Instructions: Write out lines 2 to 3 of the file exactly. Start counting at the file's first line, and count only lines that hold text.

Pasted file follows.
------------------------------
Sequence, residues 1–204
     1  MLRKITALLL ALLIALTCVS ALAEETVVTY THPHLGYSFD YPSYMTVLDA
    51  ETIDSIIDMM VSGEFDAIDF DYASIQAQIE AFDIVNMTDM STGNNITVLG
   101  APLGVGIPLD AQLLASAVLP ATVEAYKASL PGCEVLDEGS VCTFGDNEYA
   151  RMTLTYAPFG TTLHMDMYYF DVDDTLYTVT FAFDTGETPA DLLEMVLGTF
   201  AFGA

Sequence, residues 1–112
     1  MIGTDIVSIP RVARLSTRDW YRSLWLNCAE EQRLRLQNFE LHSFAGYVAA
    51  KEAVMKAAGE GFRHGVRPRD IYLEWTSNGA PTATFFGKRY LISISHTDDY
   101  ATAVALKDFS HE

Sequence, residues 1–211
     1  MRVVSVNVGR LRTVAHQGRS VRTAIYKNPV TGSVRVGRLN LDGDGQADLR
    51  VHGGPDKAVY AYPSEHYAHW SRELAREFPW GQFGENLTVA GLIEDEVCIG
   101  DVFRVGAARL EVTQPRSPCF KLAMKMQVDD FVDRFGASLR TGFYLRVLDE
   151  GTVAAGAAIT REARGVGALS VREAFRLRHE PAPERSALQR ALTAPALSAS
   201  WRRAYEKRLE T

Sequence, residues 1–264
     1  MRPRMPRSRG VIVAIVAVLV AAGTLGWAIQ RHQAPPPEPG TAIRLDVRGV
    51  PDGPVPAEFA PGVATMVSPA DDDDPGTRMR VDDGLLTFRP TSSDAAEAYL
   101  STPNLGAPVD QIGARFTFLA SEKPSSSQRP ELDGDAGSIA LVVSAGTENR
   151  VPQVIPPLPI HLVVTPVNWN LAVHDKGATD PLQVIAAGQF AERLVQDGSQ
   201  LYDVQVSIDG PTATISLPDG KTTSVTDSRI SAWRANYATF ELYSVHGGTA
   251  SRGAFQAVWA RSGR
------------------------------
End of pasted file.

     1  MLRKITALLL ALLIALTCVS ALAEETVVTY THPHLGYSFD YPSYMTVLDA
    51  ETIDSIIDMM VSGEFDAIDF DYASIQAQIE AFDIVNMTDM STGNNITVLG